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Surveillance State Comes to Lewisham

Having done some research about how it is possible for myself and my daughter to be harassed in such a manner, I have come to the conclusion that it is very easy. I do not know if The Met have actually got a proper warrant for what they are doing, but somehow I doubt it since such warrants need renewal every 3 months and our case has been going since March 2012. Intrusive surveillance is supposed to be reserved for terrorists!

The legislation which allows for ordinary people to be surveilled came in with the RIPA Act in 2000. RIPA is the Regulation of Investigatory Powers Act aka "Snoopers Charter".

The bodies which are allowed to use these powers are not just Millitary Intelligence and the police force, but councils and benefits agencies. So, you may be surveilled by your local Council and it will be entirely legal. For example, if you are suspected of allowing your dog to foul the pavements, then it is legitimate for the council to conduct Direct Surveillance, to spy on your activities outside your home. This could be done by CCTV camera, or by actual people following you or surveilling you from vehicles. Another example; if you were suspected of cohabiting, i.e. living with someone as if married, and you had declared yourself single on a benefits form, then it is legitimate for a benefits agency to spy on you.

Big Brother Watch published a report into the uses of RIPA by public bodies (excluding the police) which makes interesting reading. Amongst the many ways councils used RIPA included the surveillance of disabled people, to see if they really required care through Social Services. Also, many cases of councils using RIPA to spy upon families where there were thought to be child protection issues. The latter have hardly ever resulted in any action (children being removed, criminal convictions). In fact, much of the spying appears to be entirely fruitless resulting in no charges at all. In our case, it is probably "child protection" that Richard Hodgkiss has used to justify the surveillance, despite there never being ANY concern in a Social Worker's reports that I am anything other than a competent and loving parent. In our case RIPA is being used as a means to bully and harass. The cost to the taxpayer must be enormous.

Looking at official figures published by Statewatch, state snooping has mushroomed beyond control. Given that this does not include abuse of the powers, where warrants are NOT being signed it makes for worrying reading. In 2010, 55,000 warrants were granted for intercepting communications (phone calls, internet activity, texts). It seems likely that only a small percentage were to do with terrorism.

Political activists are also being targetted. Anyone who attends a demonstration may find themselves listed on a database, including details about their clothing, appearance, behaviour and of course, footage and photographs. The fact that most of these people have never committed a crime seems to be irrelevant. Do the police have Direct Surveillance warrants for everyone who attends a demonstration? John Catt, an 86 year old peaceful protestor is suing the police after they surveilled him for FOUR YEARS during his attendance at protests. Using the Data Protection Act, John was able to access files and see that they had even noted that he was "clean shaven"! To my mind, this is a complete waste of taxpayer's money and when police complain of being under-resourced we must now realise that it is a lie.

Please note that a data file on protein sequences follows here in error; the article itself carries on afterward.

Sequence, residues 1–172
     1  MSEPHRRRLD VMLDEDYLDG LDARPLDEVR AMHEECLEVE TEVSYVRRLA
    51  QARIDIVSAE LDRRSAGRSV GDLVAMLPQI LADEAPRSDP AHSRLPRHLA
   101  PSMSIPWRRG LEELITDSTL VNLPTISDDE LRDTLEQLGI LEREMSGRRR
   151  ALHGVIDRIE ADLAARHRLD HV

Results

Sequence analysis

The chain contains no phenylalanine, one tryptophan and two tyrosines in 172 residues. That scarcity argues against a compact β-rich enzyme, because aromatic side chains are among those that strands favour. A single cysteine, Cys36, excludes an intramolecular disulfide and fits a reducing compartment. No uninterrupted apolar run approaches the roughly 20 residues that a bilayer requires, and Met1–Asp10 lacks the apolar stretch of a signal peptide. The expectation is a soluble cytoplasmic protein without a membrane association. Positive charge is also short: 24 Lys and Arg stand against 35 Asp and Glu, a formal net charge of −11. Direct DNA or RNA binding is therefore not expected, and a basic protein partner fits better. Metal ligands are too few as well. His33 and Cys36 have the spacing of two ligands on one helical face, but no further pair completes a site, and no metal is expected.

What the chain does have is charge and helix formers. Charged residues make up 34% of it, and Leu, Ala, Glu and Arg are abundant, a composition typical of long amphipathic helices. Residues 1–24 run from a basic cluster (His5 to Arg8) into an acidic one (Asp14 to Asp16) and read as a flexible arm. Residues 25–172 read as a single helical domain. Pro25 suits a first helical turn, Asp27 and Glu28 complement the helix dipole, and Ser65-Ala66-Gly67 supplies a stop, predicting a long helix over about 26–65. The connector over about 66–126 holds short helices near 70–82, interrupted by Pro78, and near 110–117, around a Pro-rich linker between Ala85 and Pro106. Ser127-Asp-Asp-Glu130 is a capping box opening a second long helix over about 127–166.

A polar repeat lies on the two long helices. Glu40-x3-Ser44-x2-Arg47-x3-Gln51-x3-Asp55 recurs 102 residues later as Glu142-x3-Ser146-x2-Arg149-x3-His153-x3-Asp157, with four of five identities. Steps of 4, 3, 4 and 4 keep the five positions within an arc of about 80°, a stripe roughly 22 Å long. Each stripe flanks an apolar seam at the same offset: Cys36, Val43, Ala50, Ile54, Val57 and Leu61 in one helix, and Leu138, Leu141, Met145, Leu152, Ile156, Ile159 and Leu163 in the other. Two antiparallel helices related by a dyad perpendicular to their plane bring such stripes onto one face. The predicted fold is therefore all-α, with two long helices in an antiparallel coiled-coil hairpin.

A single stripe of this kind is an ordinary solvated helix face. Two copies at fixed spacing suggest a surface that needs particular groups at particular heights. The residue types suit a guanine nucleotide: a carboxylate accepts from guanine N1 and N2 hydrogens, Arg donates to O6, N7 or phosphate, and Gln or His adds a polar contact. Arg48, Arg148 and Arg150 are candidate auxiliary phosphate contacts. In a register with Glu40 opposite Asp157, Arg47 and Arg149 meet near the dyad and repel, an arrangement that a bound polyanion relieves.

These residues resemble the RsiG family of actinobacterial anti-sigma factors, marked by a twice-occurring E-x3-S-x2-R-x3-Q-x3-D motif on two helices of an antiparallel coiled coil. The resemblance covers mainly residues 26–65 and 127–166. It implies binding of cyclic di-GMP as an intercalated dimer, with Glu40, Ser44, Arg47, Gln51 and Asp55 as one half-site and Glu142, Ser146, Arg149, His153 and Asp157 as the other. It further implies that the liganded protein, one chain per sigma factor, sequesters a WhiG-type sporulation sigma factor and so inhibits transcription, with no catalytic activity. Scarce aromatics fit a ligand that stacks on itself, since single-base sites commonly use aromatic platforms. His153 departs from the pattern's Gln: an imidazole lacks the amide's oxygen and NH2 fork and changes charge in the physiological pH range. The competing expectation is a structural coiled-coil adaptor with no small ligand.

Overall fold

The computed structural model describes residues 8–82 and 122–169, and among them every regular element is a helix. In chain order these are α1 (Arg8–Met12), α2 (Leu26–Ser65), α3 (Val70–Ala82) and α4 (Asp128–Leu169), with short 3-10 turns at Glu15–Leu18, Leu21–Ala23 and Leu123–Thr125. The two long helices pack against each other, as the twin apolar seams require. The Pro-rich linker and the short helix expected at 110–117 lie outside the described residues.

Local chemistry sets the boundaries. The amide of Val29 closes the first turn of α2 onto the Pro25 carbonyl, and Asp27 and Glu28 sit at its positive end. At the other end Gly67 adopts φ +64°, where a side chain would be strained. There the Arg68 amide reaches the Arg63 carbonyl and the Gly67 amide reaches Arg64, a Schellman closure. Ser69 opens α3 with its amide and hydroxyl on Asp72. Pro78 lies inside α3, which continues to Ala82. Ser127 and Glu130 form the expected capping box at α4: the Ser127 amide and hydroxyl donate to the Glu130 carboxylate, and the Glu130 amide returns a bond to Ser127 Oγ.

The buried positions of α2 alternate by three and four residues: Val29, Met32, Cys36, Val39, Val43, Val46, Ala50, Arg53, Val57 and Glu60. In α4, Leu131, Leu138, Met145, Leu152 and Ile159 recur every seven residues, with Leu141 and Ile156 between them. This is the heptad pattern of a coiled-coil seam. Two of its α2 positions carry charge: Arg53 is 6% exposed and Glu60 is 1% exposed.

RIPA legislation allowing for Intrusive Surveillance, grants police authority to secretly enter a target's home and "bug" it. It also enables them to use informants. Informants are often paid to "befriend" those spied upon, they may be undercover police officers, or existing friends and neighbours of the target. Activists have been particularly badly hit by this tactic and even officers involved can end up claiming their lives have been ruined. Police officer Mark Kennedy infiltrated a group of environmental protestors for EIGHT YEARS and is now suing the police force that employed him - for failing to prevent him falling in love with an activist, of all things. He had sexual relations with at least 3 of them. Elsewhere TEN women are suing the police for being tricked into sexual relationships with informants. Children have been born from such liaisons and it is to be decided whether the police must bear some financial responsibility for them. RIPA does not sanction the use of sexual relationships with targets.

More on this topic:

Police Spies Stole Identities of Dead Children - A Guardian story, where once again activists were being spied upon by undercover police. There are many other stories linked from this one, some calling for a Public Inquiry into the tactics used by undercover police.

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